A CANCER patient who was on life support earlier this year has completed a trek known as Britain’s hardest walk.

Martyn Wells, who has been living with incurable cancer since 2017, set off on the Cape Wrath Trail from Fort William in the Scottish Highlands on August 31 to raise money for Macmillan Cancer Support.

The 50-year-old, from Worcester, completed the challenge, which included dangerous thigh-high white water crossings and clambering up 150ft cliffs, on September 9.

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The trek came just months after Mr Wells spent 16 days on life support and two weeks on oxygen in March, when he had an adverse reaction to immunotherapy and developed severe pneumonia that developed into sepsis.

The father-of-two said: "I was elated to complete such a difficult challenge, supported by my brilliant team.

“The weather was extreme and took care of any chance that we might complete the entire trail in 10 days, but what we completed in four days in Knoydart was truly exceptional.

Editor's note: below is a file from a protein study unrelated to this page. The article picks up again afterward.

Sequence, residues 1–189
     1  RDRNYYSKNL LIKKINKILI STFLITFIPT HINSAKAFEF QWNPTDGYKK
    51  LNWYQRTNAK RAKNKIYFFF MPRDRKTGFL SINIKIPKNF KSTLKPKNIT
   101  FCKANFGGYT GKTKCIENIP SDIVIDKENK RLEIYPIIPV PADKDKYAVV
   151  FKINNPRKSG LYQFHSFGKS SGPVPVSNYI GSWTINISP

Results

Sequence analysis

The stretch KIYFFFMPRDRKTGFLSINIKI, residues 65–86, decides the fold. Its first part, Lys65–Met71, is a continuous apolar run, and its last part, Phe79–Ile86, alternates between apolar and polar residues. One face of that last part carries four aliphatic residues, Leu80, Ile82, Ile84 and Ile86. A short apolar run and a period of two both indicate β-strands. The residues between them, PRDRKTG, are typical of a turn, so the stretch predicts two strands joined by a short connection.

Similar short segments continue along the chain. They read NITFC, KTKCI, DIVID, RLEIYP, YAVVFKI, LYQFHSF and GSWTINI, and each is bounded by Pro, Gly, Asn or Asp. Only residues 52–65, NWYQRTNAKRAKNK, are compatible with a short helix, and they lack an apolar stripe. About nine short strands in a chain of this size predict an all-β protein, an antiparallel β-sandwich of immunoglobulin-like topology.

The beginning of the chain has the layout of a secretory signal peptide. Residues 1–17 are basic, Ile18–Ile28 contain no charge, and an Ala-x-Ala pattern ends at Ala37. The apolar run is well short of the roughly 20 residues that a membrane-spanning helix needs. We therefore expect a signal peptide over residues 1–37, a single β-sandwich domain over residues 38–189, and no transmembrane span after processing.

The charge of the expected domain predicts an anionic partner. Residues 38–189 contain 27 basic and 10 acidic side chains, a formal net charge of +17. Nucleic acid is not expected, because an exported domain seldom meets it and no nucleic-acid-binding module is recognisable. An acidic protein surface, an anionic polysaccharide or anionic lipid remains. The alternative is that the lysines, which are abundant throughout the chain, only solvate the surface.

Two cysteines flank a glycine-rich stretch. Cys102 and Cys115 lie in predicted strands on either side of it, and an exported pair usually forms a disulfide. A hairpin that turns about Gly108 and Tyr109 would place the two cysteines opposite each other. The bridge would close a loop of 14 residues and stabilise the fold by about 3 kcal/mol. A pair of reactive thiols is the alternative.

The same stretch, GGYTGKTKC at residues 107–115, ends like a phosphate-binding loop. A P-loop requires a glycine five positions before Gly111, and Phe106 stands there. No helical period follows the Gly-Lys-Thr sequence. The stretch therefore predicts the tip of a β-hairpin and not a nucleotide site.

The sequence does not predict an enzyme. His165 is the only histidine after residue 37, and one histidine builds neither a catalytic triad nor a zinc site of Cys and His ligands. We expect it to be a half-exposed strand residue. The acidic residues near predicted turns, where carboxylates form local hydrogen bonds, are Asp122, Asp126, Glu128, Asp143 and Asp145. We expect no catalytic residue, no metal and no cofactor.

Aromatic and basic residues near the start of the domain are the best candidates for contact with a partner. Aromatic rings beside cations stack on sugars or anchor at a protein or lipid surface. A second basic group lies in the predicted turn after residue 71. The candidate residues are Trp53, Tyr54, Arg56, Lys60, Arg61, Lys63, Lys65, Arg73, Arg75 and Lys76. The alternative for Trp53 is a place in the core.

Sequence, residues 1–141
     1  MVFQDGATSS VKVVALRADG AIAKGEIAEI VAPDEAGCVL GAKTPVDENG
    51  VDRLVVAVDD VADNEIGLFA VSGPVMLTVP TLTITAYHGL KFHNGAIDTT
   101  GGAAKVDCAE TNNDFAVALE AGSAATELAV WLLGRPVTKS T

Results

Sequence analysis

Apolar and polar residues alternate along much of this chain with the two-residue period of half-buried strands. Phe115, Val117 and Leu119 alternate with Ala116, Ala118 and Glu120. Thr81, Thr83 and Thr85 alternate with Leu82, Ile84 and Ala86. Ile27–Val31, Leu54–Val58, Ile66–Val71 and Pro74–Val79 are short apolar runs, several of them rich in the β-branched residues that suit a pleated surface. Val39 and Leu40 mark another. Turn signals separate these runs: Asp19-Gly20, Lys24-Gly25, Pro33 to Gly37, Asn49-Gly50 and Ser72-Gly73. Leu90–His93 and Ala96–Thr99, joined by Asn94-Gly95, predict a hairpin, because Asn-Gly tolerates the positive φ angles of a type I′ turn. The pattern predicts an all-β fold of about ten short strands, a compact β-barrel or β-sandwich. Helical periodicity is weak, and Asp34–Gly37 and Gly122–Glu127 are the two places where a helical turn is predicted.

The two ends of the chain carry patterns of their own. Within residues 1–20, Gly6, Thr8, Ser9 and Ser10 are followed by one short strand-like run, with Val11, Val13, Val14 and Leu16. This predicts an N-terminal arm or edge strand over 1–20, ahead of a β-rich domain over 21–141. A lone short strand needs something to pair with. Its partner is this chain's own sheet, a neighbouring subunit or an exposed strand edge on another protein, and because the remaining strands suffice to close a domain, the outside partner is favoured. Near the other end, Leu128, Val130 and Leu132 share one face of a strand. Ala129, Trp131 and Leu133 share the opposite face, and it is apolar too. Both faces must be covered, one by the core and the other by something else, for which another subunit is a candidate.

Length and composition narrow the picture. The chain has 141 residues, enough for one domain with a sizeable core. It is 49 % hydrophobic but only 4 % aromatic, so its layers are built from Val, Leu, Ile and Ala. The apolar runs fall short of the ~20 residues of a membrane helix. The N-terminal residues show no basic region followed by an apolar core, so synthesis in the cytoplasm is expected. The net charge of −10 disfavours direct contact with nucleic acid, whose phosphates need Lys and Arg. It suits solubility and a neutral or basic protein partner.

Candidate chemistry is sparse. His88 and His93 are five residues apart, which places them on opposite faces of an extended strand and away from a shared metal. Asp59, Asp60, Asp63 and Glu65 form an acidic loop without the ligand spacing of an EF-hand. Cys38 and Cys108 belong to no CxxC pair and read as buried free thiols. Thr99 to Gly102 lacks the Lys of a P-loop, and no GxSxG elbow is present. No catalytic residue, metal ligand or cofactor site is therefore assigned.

"It is a pleasure to bring awareness of the overall shortage in funding of cancer support in the United Kingdom and to fundraise to enable more patients and their families to enjoy the great support that Macmillan Cancer Support provide to people, like me, under these difficult circumstances.”

Mr Wells was diagnosed with melanoma in March 2017 after he noticed a mole had started bleeding. He had six operations as the cancer spread around his body, including having his stomach removed in March 2018 after doctors found a cricket ball-sized tumour.

Andrew Mayhew, a friend who joined the expedition, said: “Martyn has proven that having stage four cancer doesn’t prevent you from experiencing excitement, adventure and really wild things - an inspiration to all.”

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Last year, Mr Wells raised £46,000 for Macmillan by completing the Severn Way, a 211-mile route following the River Severn from its source in Plynlimon in Powys to Bristol.

Sarah Diston, regional fundraising manager for the charity, said: “What Martyn has achieved is incredible.

“He’s had to overcome so many setbacks because of his cancer diagnosis, including having to learn to walk again.

“Six months after he was in intensive care with pneumonia and chest sepsis, he’s walked 180 miles across the Cape Wrath Trail.”